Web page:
It lasted only a few hours, but the first power alert for the year from California’s electric transmission grid operator, CAISO, last Monday raised the pitch of discussion about the state’s summer power reserve adequacy, but most observers agreed the Stage One alert was not a harbinger of any undue problems.

A Boston, MA-based consulting firm issued a pronouncement to that effect, and officials in California treated it as an isolated blip.

The alert, which puts large users and utilities on guard but doesn’t prompt any load shedding, was issued in the early afternoon March 29 and rescinded before 8 p.m. the same day.

“Monday’s Stage One Electric Emergency in California was not an omen for this summer,” said an announcement from Energy Security Analysis, Inc. (ESAI), which analyzed the grid operator’s move. “Our analysis shows that California will have ample supply to meet electricity demand this summer. The emergency was a one-time occurrence during which several unusual factors converged that wil1 not be the norm this summer.”

However, as others — inside and outside of the state — also have said, ESAI has concerns beyond this year, perhaps as early as the summer of 2006.

“We do have concerns beyond the summer of 2004 related to the need for building more generation in the state, but things look good for this summer,” said Stephen Conant, ESAI’s senior market analyst. In its monthly analysis of California’s electricity market, ESAI noted that the state through the California Public Utilities Commission is doing a good job of planning for at least an 18% reserve margin, but that “little progress” is being made in developing state policies that will assure the needed new generation will get built.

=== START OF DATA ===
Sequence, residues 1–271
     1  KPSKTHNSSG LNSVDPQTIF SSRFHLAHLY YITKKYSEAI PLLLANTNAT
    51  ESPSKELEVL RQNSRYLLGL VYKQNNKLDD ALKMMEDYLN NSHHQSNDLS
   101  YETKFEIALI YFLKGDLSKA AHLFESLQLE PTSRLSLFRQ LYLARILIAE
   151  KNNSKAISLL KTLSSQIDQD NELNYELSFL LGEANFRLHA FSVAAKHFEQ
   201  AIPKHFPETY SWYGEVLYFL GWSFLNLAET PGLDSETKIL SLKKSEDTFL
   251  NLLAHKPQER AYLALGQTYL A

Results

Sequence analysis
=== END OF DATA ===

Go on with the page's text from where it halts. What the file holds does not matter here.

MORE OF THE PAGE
Last Monday’s situation, however, was not an indication of any immediate problems, rather it was an unexpected combination of unseasonably hot weather and unforeseen power plant outages, all concentrated in the southern half of the state that forced CAISO to declare the Stage One alert because reserves hovered a little below 7%.

This was the grid operator’s first alert of the year, and the situation never got close to a Stage 2, in which large power users who pay a cheaper interruptible rate are asked to curtail their loads.

©Copyright 2004 Intelligence Press Inc. All rights reserved. The preceding news report may not be republished or redistributed, in whole or in part, in any form, without prior written consent of Intelligence Press, Inc.